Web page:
Friday Takeaway: Ode to Hampshire

  • Ilan Stavans

For Hampshire Life
Friday, March 01, 2019

Hampshire College is in a woeful existential crisis that happens to be taking place during a perfect storm.

Large market factors are shrinking the overall offerings of the American higher-education industry. Fewer students are applying to more schools. Paying exorbitant tuition prices is prohibitive to a large number of families. The result is that institutions with less cache are becoming vulnerable, seeing a decrease in applications and a reduction of cash. Being competitive in an environment where branding is essential is tough.

Hampshire is among them. In the last couple of decades, it has had a string of less-than-visionary leaders, including members of the Board of Trustees, who have made impetuous, unadvisable decisions. Along the way, a rowdy faculty and student body have sometimes gotten themselves lost in the type of delusions of grandeur chronically affecting higher education, including the sense that the act of questioning power is in itself a strategy to assert it. In other words, with foresight the current quagmire could have been averted, at least in part.

I have had dozens, maybe hundreds of Hampshire students. They are savvy, even feisty, thriving in the art of disconnecting the dots in order to reconnect anew. Their most typical trait is, well, being atypical. I love them in part because I got my own undergraduate degree from a Mexican public university much like Hampshire, in which we had no grades and other such rigid structures. I was regularly invited to test authority; I learned that if you aren’t rebellious in your youth, you’ve missed a crucial step in your education.

Of course, while a student I was also frequently unhappy, convinced I was being miseducated. I wanted my teachers to be more systematic, less rambunctious. I wanted from them guidance as well as freedom. At some point in the serendipitous journey that is life, I, too, became a teacher, trying to emulate in the classroom some of the patterns of my restless education.

Frankly, all these years later I still can’t quite explain the mystery that happens inside that classroom. To say it is all about knowledge is to state the obvious. In truth, knowledge emerges haphazardly, in stints and stretches. What might generate insight in one student might bore another to death. Teaching is about being humble and alert so as to welcome surprise and about providing the necessary tools for people to think clearly, persuasively, and in original ways.

I’ve italicized the word because I feel I have failed miserably when a student hands in a project that might well have been done by someone else in the exact same way. Where is the uniqueness? Students aren’t clones.

I have collaborated many times with superb Hampshire teachers. They have taught me how uniqueness is encouraged for innovation to be harvested.

The announcement that Hampshire would only accept 77 in its 2019 freshman class is a symptom of distress. A regular-size class is around 340; that means at least some 250 students won’t be around in the next four years. Who knows if 2020 will be different? The college has also announced layoffs. Understandably, students are up in arms, occupying buildings. The faculty feels sidelined. And the staff, the weakest of all links, sees itself as a liability.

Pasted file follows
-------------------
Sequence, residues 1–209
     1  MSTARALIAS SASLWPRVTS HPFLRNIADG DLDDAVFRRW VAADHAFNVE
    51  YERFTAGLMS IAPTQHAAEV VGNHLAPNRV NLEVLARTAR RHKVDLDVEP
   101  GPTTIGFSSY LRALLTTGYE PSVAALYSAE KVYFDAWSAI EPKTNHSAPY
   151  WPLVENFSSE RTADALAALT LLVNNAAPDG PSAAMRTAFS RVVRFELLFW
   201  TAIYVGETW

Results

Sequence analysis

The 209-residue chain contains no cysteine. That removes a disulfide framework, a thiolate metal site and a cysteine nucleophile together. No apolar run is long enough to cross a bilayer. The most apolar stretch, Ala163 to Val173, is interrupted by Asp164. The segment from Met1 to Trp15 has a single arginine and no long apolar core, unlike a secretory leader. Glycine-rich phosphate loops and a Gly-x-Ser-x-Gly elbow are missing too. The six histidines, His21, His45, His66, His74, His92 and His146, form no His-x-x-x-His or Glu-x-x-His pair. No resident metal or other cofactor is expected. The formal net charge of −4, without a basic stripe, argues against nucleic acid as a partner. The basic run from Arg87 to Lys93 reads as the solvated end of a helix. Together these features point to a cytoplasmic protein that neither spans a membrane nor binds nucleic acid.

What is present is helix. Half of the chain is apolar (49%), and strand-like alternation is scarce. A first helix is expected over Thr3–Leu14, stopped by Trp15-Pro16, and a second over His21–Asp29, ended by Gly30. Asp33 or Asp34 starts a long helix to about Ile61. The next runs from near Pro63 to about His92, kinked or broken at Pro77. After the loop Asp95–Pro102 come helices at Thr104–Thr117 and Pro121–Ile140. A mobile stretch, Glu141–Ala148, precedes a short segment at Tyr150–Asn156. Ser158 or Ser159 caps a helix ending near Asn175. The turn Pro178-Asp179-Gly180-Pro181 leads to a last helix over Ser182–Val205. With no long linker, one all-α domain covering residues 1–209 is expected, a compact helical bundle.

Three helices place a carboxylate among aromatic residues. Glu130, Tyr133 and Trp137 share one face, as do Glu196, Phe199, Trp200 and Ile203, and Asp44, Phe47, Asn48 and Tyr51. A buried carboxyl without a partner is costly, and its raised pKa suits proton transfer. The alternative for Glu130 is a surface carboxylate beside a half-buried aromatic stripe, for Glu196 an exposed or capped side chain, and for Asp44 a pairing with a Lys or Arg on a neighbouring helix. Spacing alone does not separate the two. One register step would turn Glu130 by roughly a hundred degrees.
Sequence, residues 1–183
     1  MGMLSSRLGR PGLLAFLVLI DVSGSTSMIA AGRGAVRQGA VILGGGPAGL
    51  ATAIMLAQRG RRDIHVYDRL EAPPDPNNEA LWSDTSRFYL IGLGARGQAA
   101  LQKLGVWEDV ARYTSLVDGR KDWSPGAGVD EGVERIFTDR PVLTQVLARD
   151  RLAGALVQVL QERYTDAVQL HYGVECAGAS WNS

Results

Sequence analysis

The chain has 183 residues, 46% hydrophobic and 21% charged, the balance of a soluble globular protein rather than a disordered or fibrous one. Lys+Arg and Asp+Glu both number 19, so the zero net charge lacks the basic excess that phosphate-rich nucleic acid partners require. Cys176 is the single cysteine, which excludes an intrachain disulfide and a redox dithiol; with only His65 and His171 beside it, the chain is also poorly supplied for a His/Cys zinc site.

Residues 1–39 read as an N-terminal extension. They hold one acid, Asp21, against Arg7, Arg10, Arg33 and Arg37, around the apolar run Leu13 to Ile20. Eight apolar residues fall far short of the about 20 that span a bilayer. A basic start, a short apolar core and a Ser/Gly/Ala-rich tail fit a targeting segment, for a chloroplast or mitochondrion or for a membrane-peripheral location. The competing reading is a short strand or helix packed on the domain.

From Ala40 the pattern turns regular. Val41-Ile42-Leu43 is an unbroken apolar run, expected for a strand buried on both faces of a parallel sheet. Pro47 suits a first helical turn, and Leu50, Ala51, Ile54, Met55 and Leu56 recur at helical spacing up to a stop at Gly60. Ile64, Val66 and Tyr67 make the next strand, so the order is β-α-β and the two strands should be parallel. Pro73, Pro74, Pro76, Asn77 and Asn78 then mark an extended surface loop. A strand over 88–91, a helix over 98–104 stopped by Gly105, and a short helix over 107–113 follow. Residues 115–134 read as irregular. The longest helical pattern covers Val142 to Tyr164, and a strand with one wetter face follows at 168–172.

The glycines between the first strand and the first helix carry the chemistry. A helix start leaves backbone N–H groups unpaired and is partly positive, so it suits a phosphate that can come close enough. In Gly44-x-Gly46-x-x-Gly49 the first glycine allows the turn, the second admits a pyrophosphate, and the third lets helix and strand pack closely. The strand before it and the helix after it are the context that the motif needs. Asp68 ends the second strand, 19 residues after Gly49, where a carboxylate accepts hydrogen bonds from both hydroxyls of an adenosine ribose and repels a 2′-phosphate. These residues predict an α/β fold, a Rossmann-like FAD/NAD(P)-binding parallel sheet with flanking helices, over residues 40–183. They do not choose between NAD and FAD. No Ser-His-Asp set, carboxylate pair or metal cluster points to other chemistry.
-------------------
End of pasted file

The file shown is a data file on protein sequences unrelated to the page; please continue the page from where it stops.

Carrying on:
Hampshire’s annual operating budget was $56 million in 2016. Finding a “strategic partner” — as the current president, Miriam “Mim” Nelson, describes the elusive messianic savior that might bring a breath of fresh air into campus — is unlikely to happen without irrevocable changes to the institution’s style and forward-looking pedagogy. Plus, its minuscule endowment of $55.4 million, substantially less than its annual budget, leaves little room to maneuver. (By way of comparison, in 2018 Smith’s endowment was $1.915 billion. A year earlier, Mount Holyoke’s was $729.4 million and Amherst’s was $2.248 billion.)

By the end of this academic year, the overall landscape will likely look very different. Will anxiety give in to wisdom? According to President Nelson, who has emerged as a target of animosity (she has been described as “bunkered in her stubbornness”), the objective is to become a smaller, more manageable college. Given the circumstances, it is the right approach.

Unfortunately, it is being accomplished poorly. Only a few months into the job, President Nelson appears to be handling the situation with only a modicum of transparency, failing to generate the type of empathy required as capital in times of abrupt change.

Still, this isn’t a eulogy. We must be hopeful. The answer to the conundrum might actually be found in Hampshire being unconventional; that is, in looking at options in alternative, unusual ways. Whatever solution emerges, the challenge is to make it long-term. Time, which is shrinking rapidly at the moment, is the best bet.

The college is about to turn fifty. In the lifespan of a school like this, that amounts to adolescence. Will it make it to adulthood? All of us are rooting for it. Its future is ours, too. We all need its nonconformist stance.

Ilan Stavans is the Lewis-Sebring Professor of Humanities and Latin American and Latino Culture at Amherst College, the publisher of Restless Books, and the host of “In Contrast” on NEPR.